Report: Hotel business blessed by papal visit, while eateries suffered

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Pope Francis arrives at Independence Hall in Philadelphia on Saturday, Sept. 26, 2015. (DAVID SWANSON/Staff Photographer)

Last weekend's visit by Pope Francis was good for hotels, but terrible for restaurants and shops closest to the Center City papal events, according to a survey of businesses the City Controller's Office released Tuesday.

"Several restaurants stated they were the hardest-hit because they stocked up on supplies over the course of the week, only to find that the demand never materialized," Controller Alan Butkovitz said in a statement he released along with the survey.

In the city, 19 restaurants each reported business was off by 45 percent compared with a typical weekend. Fifteen retailers said they rang up just 21 percent of typical weekend receipts.

Meanwhile, hotels reported an 88 percent occupancy rate on average, typical for a solid weekend, according to the controller's survey.

The Francis Festival grounds, where the pontiff spoke and celebrated a public Mass, included the areas around Independence Mall, the Philadelphia Museum of Art, and the Benjamin Franklin Parkway.

Preliminary reports from Pennsylvania counties outside the city suggested a similar story. Hotels and some tourist sites reported a robust weekend, but for eateries and other merchants, things were less prosperous.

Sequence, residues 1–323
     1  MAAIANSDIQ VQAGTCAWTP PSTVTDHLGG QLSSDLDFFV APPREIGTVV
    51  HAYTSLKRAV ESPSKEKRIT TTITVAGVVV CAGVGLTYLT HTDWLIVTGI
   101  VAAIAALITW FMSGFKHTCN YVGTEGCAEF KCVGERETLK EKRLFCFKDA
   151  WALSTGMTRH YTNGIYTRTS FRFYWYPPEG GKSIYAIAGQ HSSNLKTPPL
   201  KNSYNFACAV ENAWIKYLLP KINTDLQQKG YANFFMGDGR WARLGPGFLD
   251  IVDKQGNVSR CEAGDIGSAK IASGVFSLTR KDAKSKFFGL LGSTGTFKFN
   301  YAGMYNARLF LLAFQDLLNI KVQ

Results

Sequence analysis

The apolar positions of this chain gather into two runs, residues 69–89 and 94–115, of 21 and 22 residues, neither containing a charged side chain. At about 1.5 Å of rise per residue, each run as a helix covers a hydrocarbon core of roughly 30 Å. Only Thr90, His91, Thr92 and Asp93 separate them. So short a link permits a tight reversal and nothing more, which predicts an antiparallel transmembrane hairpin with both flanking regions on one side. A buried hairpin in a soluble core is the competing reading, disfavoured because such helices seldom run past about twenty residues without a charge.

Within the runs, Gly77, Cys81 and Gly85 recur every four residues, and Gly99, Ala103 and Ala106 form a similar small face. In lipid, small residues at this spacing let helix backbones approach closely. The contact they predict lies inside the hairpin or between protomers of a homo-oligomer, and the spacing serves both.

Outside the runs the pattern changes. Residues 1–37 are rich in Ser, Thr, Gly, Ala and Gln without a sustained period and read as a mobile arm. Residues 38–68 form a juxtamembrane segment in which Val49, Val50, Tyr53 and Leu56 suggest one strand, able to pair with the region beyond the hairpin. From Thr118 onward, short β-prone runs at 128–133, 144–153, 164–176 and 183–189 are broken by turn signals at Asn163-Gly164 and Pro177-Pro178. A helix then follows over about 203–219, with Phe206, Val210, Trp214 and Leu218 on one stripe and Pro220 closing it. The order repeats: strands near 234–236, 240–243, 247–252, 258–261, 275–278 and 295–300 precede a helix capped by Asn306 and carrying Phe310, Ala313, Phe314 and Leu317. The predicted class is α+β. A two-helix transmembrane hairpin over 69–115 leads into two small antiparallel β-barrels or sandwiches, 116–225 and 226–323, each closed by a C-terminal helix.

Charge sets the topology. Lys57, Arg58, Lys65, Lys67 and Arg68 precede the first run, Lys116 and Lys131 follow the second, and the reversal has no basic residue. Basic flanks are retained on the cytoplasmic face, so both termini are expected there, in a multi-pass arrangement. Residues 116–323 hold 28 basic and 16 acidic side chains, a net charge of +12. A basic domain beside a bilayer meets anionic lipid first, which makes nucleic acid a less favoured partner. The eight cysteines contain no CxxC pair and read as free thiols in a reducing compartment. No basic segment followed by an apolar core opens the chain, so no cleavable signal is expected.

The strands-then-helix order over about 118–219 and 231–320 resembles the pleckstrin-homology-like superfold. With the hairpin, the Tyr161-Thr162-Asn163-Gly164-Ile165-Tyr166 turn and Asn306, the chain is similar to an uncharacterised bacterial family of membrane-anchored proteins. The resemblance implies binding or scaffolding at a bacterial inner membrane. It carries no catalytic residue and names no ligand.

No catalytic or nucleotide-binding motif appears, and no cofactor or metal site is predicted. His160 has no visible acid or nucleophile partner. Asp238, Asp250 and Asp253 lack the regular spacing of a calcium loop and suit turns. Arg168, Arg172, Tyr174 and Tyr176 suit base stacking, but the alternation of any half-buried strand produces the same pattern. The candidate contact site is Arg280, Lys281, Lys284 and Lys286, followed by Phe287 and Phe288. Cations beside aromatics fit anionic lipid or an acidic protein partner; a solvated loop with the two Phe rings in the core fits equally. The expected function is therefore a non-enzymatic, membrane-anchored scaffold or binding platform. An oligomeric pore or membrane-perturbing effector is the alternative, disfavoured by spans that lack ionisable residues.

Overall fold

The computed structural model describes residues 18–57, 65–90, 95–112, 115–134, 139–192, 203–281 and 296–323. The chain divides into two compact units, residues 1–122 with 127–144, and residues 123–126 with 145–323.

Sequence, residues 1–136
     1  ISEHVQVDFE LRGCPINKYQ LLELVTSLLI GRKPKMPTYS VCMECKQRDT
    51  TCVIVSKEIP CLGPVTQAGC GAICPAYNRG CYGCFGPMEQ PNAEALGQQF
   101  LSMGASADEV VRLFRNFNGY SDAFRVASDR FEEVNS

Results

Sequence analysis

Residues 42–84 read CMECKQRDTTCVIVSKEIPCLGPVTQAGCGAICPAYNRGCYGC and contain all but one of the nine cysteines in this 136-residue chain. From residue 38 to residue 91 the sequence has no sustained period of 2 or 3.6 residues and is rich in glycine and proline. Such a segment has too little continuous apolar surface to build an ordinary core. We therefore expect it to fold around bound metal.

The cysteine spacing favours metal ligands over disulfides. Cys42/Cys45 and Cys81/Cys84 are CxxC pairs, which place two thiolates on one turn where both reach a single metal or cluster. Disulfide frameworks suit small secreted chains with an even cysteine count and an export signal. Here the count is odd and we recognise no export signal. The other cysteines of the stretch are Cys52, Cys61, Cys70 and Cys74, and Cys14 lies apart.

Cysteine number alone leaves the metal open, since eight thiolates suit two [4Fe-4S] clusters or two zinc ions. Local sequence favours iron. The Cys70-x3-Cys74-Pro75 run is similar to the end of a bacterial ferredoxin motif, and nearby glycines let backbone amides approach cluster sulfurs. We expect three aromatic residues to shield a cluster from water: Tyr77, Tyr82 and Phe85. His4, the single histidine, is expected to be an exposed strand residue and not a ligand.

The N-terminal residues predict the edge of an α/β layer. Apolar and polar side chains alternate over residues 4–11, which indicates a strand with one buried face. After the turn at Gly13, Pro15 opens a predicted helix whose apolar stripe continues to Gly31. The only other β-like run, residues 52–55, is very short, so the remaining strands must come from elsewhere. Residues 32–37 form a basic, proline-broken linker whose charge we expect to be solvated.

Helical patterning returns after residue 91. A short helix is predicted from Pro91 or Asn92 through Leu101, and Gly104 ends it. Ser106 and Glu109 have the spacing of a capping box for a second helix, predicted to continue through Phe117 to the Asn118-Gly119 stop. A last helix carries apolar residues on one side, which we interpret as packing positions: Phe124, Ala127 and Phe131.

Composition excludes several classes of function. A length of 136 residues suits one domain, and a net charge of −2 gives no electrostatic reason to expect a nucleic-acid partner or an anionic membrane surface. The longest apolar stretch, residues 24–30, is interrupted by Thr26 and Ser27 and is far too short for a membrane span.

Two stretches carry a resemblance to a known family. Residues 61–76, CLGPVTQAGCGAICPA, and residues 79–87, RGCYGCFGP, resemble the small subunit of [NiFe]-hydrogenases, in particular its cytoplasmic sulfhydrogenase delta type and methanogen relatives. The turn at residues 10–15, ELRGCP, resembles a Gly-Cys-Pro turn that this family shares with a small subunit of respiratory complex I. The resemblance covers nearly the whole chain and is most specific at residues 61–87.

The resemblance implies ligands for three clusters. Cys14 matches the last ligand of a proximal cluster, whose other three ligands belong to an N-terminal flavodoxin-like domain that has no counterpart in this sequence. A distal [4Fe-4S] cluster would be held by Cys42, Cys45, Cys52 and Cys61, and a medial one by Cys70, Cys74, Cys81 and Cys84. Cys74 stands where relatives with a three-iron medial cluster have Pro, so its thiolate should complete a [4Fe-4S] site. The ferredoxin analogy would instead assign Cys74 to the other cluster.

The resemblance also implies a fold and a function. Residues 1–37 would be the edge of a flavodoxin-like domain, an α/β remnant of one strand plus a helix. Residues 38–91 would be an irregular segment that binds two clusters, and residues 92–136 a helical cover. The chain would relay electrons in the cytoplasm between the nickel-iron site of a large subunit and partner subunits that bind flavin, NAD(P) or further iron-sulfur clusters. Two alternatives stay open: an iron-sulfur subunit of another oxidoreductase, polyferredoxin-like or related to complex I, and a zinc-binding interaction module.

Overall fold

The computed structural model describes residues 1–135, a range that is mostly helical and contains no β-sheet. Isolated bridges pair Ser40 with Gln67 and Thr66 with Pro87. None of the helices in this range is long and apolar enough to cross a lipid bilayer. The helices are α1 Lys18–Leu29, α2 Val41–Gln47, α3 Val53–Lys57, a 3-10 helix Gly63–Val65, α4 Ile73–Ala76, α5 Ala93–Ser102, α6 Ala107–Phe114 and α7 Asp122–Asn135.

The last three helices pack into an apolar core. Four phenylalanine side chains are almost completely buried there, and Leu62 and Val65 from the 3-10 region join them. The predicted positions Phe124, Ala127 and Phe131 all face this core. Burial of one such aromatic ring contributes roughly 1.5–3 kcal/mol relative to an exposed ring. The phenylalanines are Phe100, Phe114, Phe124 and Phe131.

Hotels in Montgomery County reported an 80 percent occupancy rate, said Mike Bowman, president of the Valley Forge Tourism and Convention Board.

Papal pilgrims did travel beyond Center City to see certain attractions. The Shrine of St. Katharine Drexel in Bensalem, for instance, had about 4,000 visitors last weekend, said Sister Pat Downs, the director. The pontiff mentioned the site in one of his speeches.

"My feeling was that everyone was happy to be there," Downs said. "It was just a very peaceful, wonderful experience."

Valley Forge National Historical Park received more than 1,000 visitors on Friday afternoon. It had planned programming that allowed children to play recruits in George Washington's army, Bowman said.

But the tourism bump outside the city apparently did not go beyond religious sites and nationally famous locations such as Valley Forge. Delaware County, for example, did not see a tourism increase over the weekend, County Council Member John P. McBlain said.

Massimo Spatola went into the papal weekend thinking his restaurant, Spatola's Pizza, would benefit greatly from its position directly across the street from the busy Regional Rail station in Paoli. It was one of the 18 Regional Rail stations transporting papal pilgrims to and from Center City.

"They [papal weekend planners] had us believe there was going to be thousands of cars around the Paoli area, and it was a ghost town," Spatola said.

Uber had thousands of drivers available in Philadelphia and reported high demand for handicapped accessible vehicles, but disappointing demand overall.

"It was actually slower than expected," spokesman Taylor Bennett said. "Demand was down."

The pontiff's visit capped the World Meeting of Families. The Philadelphia Convention and Visitors Bureau had projected the papal weekend would provide a $417.8 million windfall for the city.

Butkovitz, in his statement, said the World Meeting had put the economic boost even higher, at $500 million.

"The responses we received from businesses, especially restaurants and retailers," are that these figures may not have been reached, Butkovitz said.

Mayor Nutter on Monday dismissed concerns expressed by city businesses about the weekend's economic effect, stressing instead the role the papal visit played in raising the city's profile.

brennac@phillynews.com

215-854-5973 @ByChrisBrennan